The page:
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You’ll be grumpy if you miss the Internet Cat Video Festival

 
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Grumpy Cis star one 80 viral kitty clips thwill be screened Saturday.

Grumpy Cat is the star of one of the 80 viral kitty clips that will be screened Saturday.

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Internet Cat Video Festival

When: Five showings beginning at noon
on Saturday

Where: Irish American Heritage Center, 4626 N. Knox

Tickets: $10

Info: eventbrite.com/event/7265791177

Updated: April 14, 2014 4:48PM



Alana Grelyak’s cushy one-bedroom condo in River North is home to four felines named Crepes, Rocky, Niles and Mrs. Peabody. But don’t call her a cat lady.

“First of all, it’s cat woman,” the 33-year-old says,
half-jokingly. “And, secondly, I’m not a cat person. I just love animals.”

Grelyak and her furry friends share their living space with her filmmaker husband, Michael Gabriele, and their rescue dog, Dixie. She moonlights as a blogger at CatInThe
Fridge.com, a spin-off to “Catlogue,” a four-minute flick she and Gabriele created last year with their pets.

The humorous short is one of 80 viral kitty clips Minneapolis’ Walker Art Center will screen Saturday at the Irish American Heritage Center where its Internet Cat Video Festival cuddles up to Chicago for the first time.

What began as a social experiment curated by the modern art museum last summer is now an internationally touringfest.

“With the original festival, we thought there might be a couple of dozen people with a laptop, projector and case of beer,” said project director Scott Stulen. “When 10,000 people showed up, the story changed.”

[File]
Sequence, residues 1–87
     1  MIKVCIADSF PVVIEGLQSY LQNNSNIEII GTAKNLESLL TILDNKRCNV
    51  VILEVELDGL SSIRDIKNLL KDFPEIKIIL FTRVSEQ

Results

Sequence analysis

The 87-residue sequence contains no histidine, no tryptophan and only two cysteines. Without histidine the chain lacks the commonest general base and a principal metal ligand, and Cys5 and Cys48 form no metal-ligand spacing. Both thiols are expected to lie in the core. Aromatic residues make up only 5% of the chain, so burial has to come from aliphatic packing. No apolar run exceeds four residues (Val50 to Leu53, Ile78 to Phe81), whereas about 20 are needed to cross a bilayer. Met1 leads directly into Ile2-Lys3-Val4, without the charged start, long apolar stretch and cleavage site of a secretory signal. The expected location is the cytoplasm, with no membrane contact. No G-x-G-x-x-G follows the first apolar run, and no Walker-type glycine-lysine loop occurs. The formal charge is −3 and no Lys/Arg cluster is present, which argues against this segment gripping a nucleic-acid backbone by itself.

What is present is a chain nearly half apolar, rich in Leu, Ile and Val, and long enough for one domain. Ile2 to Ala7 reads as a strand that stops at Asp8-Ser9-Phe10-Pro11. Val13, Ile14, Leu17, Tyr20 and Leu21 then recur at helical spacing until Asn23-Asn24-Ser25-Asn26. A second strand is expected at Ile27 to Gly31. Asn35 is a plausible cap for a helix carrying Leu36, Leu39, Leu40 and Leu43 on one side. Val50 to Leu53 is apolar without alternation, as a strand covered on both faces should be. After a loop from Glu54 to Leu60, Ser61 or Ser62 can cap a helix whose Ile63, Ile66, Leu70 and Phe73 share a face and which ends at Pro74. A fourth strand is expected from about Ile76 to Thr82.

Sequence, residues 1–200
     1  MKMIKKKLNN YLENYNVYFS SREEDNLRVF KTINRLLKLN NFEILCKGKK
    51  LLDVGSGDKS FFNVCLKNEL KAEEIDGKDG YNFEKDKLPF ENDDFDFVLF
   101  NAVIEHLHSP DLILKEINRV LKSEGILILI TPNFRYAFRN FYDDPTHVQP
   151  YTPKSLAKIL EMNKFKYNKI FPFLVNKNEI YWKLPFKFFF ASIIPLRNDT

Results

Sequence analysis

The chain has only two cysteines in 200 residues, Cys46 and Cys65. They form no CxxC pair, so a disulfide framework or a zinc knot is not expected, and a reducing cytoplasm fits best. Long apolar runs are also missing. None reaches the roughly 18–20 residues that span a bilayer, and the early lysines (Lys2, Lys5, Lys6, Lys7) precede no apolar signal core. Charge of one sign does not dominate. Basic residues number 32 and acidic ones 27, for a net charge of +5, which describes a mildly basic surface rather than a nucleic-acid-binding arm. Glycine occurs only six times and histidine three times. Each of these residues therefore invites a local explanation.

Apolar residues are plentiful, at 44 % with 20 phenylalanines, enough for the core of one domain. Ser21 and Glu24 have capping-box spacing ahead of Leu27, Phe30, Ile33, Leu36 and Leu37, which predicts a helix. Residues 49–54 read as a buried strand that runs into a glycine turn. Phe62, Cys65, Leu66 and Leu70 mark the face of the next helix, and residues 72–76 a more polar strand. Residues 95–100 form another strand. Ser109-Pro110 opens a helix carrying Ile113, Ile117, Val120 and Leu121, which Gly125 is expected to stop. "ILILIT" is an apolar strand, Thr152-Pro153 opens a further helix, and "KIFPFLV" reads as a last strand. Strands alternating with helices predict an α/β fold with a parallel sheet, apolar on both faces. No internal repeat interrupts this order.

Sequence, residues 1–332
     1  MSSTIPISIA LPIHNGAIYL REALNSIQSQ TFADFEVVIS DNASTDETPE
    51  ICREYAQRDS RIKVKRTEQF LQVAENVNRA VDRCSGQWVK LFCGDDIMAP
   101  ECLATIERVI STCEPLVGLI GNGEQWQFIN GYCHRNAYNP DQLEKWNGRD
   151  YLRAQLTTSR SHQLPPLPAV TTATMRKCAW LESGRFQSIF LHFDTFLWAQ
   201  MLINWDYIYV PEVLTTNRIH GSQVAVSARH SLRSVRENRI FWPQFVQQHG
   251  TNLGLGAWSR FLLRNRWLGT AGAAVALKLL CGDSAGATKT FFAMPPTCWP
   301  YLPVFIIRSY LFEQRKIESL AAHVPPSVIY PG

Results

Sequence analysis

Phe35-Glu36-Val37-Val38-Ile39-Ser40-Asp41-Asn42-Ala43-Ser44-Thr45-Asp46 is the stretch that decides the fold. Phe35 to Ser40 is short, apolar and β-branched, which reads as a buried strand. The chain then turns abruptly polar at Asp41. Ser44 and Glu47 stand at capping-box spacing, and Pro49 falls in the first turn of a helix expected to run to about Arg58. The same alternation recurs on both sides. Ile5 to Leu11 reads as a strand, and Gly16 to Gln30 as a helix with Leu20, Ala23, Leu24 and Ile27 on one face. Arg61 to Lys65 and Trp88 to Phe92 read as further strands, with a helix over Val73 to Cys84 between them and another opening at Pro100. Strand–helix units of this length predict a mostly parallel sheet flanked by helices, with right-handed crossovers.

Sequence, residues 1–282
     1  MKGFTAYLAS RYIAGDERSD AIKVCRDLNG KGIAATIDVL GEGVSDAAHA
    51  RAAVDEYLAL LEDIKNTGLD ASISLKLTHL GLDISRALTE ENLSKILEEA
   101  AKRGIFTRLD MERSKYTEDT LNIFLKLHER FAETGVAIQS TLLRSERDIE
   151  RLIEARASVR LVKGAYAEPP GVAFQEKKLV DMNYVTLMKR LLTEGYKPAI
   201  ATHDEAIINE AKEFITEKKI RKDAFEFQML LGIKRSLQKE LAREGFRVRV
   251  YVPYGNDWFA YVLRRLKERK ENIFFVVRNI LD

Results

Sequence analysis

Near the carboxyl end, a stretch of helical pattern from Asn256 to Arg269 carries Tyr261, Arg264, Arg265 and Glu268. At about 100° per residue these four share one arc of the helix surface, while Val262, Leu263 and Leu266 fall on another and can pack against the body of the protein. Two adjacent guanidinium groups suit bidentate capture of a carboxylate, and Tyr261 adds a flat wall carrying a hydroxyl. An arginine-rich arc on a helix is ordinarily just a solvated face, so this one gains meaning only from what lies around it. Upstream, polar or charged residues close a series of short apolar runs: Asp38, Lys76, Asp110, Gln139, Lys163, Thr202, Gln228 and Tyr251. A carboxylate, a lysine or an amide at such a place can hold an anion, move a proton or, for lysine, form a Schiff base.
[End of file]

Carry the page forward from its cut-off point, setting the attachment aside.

The second edition of the event attracted more than 13,000 people cuckoo for cat videos, filling Minnesota’s State Fair Grandstand last August.

Chicago’s five screenings are expected to draw a crowd of 3,000. In addition, showcasing the creme de la creme of cat videos, the all-day event (hosted by Chicago Cat Rescue and Tree House Humane Society) features celeb-kitty Henri le Chat Noir, a cat costume contest and information on pet adoption.

Organizers say the event is a cat owner’s dog park.

“It gets all of us together in one room for a social event, instead of watching videos alone at home,” said Chicago Cat Rescue’s Julie Adams, who co-founded the all-volunteer network of foster homes seven years ago to get strays off the city’s streets.

Adams said the Internet helps expose what cat owners have known all along: that the playful, curious and unpredictable nature of felines makes them fantastic companions, not to mention great entertainment.

“All of these inherent qualities lend them to be the perfect stars in front of a camera,” she said. “They keep us on our toes.”

Unlike other video trends, the Internet’s interest in cats doesn’t seem to be waning. But what is it about them that keeps surfers clawing for more? Stulen speculates the overwhelming positive and universal appeal cat videos makes them a YouTube mainstay.

“Language isn’t an issue, they’re family friendly and something easy to share,” he said. “The technology has made the distribution so much easier.”

Jenny Schlueter, development director at Tree House, believes cat videos that go viral could be used to increase adoptions. While the number of households with cats has risen dramatically over the past four decades, pet-ownership rates are still more favorable to dogs.

Schlueter said films featuring cats’ personalities and people’s creativity help debunk the negative stereotypes animal groups have been fighting against for years (like all cat people are crazy, and black cats are bad luck).

“There’s so many wonderful new media that we’re now working together to help one another,” she said. “This has been the best PR project for cats.”

If nothing else, cat owners now have a platform to showcase and share their passion for the pet. Funny feline videos might also go a long way in convincing dog lovers they don’t have to prefer one animal over the over.

“People sometimes need to see the world like that,” Grelyak said. “I don’t. Cats are cool, too.”



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